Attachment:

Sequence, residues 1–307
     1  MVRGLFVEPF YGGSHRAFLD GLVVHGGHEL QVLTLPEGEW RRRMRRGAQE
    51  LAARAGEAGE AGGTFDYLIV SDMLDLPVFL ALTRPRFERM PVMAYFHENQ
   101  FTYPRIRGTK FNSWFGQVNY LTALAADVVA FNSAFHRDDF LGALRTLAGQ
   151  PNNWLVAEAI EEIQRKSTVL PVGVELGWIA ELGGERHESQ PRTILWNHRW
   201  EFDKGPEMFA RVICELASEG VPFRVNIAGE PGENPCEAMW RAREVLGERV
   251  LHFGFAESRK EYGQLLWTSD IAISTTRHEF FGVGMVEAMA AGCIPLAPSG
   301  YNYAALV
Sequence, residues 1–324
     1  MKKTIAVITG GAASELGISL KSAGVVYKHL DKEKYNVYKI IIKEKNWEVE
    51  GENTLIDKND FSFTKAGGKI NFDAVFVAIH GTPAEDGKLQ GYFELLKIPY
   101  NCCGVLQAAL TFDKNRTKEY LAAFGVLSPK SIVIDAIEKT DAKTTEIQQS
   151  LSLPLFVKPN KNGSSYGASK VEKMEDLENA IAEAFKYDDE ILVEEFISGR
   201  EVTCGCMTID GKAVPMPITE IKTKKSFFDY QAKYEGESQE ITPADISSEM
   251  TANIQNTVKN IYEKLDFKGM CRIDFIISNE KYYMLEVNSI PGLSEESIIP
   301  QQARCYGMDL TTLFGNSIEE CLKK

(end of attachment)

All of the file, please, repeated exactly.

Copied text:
Sequence, residues 1–307
     1  MVRGLFVEPF YGGSHRAFLD GLVVHGGHEL QVLTLPEGEW RRRMRRGAQE
    51  LAARAGEAGE AGGTFDYLIV SDMLDLPVFL ALTRPRFERM PVMAYFHENQ
   101  FTYPRIRGTK FNSWFGQVNY LTALAADVVA FNSAFHRDDF LGALRTLAGQ
   151  PNNWLVAEAI EEIQRKSTVL PVGVELGWIA ELGGERHESQ PRTILWNHRW
   201  EFDKGPEMFA RVICELASEG VPFRVNIAGE PGENPCEAMW RAREVLGERV
   251  LHFGFAESRK EYGQLLWTSD IAISTTRHEF FGVGMVEAMA AGCIPLAPSG
   301  YNYAALV
Sequence, residues 1–324
     1  MKKTIAVITG GAASELGISL KSAGVVYKHL DKEKYNVYKI IIKEKNWEVE
    51  GENTLIDKND FSFTKAGGKI NFDAVFVAIH GTPAEDGKLQ GYFELLKIPY
   101  NCCGVLQAAL TFDKNRTKEY LAAFGVLSPK SIVIDAIEKT DAKTTEIQQS
   151  LSLPLFVKPN KNGSSYGASK VEKMEDLENA IAEAFKYDDE ILVEEFISGR
   201  EVTCGCMTID GKAVPMPITE IKTKKSFFDY QAKYEGESQE ITPADISSEM
   251  TANIQNTVKN IYEKLDFKGM CRIDFIISNE KYYMLEVNSI PGLSEESIIP
   301  QQARCYGMDL TTLFGNSIEE CLKK